# Are fundamental groups and skeletal categories related

algebraic-topologycategory-theory

For any two topological spaces $$X, Y$$ that are homotopy-equivalent with $$f: X\to Y$$, we have that their fundamental groups $$\pi_1(X, x_0) \cong \pi_1(Y, f(x_0))$$ are isomorphic. Similarly, we have that for any equivalent categories $$\mathbb{C} \simeq \mathbb{D}$$ that their skeletal categories are isomorphic $$\text{sk}\ \mathbb{C} \cong \text{sk}\ \mathbb{D}$$. The construction of both skeletal categories and the fundamental group relates objects to their equivalence classes, so is there some "deeper" relation between these two?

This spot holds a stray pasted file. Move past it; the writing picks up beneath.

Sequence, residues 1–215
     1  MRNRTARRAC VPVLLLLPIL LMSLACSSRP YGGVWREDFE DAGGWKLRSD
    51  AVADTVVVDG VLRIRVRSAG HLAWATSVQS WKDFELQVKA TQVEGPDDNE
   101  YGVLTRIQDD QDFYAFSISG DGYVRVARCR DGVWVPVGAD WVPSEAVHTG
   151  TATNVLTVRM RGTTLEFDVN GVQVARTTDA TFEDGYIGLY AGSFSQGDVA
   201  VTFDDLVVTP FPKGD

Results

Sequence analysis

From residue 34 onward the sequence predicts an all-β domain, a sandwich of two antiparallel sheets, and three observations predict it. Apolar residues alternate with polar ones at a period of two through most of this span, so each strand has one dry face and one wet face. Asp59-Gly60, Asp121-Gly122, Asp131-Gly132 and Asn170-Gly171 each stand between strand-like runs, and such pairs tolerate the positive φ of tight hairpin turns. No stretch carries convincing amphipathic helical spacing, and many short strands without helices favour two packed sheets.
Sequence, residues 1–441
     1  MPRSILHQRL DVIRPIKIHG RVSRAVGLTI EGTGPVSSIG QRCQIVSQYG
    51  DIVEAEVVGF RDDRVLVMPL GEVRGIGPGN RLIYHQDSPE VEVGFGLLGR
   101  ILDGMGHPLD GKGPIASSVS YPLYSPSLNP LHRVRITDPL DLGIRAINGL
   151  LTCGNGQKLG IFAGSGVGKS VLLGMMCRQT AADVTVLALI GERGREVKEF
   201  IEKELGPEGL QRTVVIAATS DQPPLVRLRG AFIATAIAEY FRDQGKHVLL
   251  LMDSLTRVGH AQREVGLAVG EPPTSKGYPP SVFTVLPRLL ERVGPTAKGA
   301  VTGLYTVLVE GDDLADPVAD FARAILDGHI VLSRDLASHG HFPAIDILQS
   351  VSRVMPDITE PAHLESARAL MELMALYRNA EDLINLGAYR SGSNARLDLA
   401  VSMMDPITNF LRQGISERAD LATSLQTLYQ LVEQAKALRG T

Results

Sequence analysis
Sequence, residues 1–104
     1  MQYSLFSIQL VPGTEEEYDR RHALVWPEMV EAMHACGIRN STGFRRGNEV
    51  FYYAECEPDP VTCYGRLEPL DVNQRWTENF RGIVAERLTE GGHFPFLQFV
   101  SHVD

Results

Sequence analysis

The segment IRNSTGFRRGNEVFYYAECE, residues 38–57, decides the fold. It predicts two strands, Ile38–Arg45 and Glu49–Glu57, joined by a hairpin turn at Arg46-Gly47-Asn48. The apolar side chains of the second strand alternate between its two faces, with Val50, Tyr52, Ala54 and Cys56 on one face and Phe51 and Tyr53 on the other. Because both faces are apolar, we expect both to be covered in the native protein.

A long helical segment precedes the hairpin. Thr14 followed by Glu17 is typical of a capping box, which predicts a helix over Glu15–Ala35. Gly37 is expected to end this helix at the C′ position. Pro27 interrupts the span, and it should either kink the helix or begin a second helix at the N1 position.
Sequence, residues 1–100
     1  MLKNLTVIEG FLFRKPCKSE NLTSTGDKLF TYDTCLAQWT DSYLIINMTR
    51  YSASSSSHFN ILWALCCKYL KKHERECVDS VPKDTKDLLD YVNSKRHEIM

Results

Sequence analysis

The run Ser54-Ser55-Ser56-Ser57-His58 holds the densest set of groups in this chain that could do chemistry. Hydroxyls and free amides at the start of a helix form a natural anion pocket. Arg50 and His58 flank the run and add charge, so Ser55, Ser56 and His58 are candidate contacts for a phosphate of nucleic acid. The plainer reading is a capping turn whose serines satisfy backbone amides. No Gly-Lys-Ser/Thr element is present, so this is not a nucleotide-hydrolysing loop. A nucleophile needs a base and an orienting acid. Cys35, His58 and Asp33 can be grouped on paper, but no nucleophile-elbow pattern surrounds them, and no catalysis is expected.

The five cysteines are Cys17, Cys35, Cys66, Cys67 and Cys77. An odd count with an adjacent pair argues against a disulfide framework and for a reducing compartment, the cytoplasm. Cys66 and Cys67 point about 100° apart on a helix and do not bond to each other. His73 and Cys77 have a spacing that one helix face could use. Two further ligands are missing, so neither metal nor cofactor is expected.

Now, I know that one of these statements relates homotopies and group isomorphisms, while the other relates category equivalences and category isomorphisms, so the analogy may break down at some point. It's just that since Category Theory grew off of Algebraic Topology, and that most of the notation and concepts are very similar in both subjects that I wondered whether there is a connection between these two.

If $$X$$ is path-connected, then the fundamental group of $$X$$, expressed as a 1-element category, is a skeleton of its fundamental groupoid.
The more relevant analogy here is the preorder associated with a category, which is an example of $$(-1)$$-truncation. Given a category $$C$$, we can give the objects a pre-order by writing $$a \leq b$$ iff there is some morphism $$a \to b$$. We can then quotient the objects by equivalence to get a partial order.